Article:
Washington State Schools: ICE Contingency Plans

Reposted with permission from Dr. Wayne Au, professor of education at UW-Bothell.

Recently I’ve had multiple conversations with teachers about concrete actions that K-12 schools and communities need to be thinking about for if/when ICE comes after our children (and I think it is more a question of “when” not “if,” at this point). This is not meant to be total or exhaustive, and additions are welcome. These are also not in any particular order.

1. Make sure there is a policy in place that all office staff must immediately report that ICE has arrived – report to the administration, the parents, and perhaps the students. Maybe even as a public announcement to warn EVERYBODY on campus.

2. Teachers, we need to get your/our colleagues to make commitments regarding their level of involvement should ICE show up. Some of us/them are willing to put their bodies on the line and physically protect our kids. Some are not. But maybe a colleague who won’t put their body down is willing/able to cover your class for you when ICE comes. That level of support is important too.

3. Neighborhood parents, we should be networking with other parents to figure out and make plans of who among you/us would immediately come down to school and form a blockade, if necessary, to protect our kids. We also need to figure out whom among us is at least willing to come down and provide witness and report what is happening (which is also an important role).

4. Parents/Teachers/Administrators, we could set up a system of “temporary custody” such that, if ICE shows up, a child could be passed along (or snuck out) to some trusted parents or adults in order to hide them from ICE, or in the case that the child’s parents can’t come to school because they themselves need to stay away from ICE.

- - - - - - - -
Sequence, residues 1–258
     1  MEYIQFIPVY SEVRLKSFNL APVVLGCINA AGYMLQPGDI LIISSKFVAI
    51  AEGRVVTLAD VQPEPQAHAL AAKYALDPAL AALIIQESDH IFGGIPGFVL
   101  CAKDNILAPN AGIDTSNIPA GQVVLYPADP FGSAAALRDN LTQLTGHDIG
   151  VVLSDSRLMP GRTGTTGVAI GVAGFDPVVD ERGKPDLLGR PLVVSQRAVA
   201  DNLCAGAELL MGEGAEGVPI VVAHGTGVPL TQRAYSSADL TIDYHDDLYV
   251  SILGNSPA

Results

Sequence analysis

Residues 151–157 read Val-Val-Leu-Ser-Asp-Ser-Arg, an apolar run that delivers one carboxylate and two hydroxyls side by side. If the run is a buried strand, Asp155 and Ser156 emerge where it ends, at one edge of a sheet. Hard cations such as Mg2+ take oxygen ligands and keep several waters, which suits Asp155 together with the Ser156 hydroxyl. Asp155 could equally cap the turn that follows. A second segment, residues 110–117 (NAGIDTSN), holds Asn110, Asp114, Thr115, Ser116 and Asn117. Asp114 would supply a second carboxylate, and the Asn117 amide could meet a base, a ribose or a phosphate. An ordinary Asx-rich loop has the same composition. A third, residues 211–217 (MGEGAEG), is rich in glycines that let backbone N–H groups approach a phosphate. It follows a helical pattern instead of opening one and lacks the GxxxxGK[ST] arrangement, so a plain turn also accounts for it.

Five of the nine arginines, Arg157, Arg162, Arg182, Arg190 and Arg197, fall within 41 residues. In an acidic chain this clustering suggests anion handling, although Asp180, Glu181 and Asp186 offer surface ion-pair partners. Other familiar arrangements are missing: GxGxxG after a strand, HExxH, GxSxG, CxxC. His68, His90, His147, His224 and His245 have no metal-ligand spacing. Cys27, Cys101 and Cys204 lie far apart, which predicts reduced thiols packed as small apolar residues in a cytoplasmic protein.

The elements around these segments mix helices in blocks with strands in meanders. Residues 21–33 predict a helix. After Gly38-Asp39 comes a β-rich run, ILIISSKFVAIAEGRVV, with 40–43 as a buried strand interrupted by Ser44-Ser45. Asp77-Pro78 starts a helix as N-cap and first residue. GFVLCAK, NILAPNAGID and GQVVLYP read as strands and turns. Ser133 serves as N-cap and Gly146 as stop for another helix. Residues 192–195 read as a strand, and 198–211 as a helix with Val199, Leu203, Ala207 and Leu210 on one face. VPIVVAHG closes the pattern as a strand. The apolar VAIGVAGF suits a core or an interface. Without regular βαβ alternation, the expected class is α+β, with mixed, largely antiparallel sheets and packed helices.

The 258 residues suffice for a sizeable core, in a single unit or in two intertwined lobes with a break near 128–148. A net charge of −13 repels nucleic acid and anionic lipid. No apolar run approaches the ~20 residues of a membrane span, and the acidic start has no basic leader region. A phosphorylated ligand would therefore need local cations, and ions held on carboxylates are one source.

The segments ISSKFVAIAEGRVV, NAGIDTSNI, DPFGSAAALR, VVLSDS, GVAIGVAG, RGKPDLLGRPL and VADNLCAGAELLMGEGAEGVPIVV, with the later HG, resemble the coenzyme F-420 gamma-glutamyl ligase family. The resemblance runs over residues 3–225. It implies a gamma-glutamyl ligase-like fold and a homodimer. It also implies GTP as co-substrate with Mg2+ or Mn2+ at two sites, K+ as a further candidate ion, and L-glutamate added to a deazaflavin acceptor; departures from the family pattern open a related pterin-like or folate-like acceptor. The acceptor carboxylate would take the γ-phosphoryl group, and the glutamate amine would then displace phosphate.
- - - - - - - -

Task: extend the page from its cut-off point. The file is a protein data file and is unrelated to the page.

5. Teachers/Administrators, we should also be doing curriculum around immigration and immigrants’ rights, creating spaces for kids to process their fears and build relationships with each other, as well as critically analyzing media, government, and policy on this issue.

6. Teachers/Parents/Administrator, we should be creating spaces for community conversation around this, which also means sharing resources with each other (e.g., where to find legal support). So getting local and regional immigrants’ rights organizations to present at our schools should be a priority right now.

7. District and school administrators, even if you are not willing to be radical enough to block ICE, you can at least push for policy that creates a “process” for ICE to follow so that it buys kids, parents, and communities more time and distance to get away. For instance, while the Seattle Schools Policy that has come from our superintendent is not super radical, it at least says, “send them downtown to our legal office” – which buys time (I say this knowing the ICE may not care about district policy…).

8. Many have been talking about doing a school lock-down if ICE shows up. This means that no one is allowed in or out of the building. This could be effective and is worth exploring. One downside that was raised was that it would also allow ICE to muster more forces and jump through whatever hoops they need to jump through, all while keeping their targets in one place.

Again, these are just some beginning thoughts on how we might be better prepared if/when ICE comes to our schools. Please feel free to share and add.

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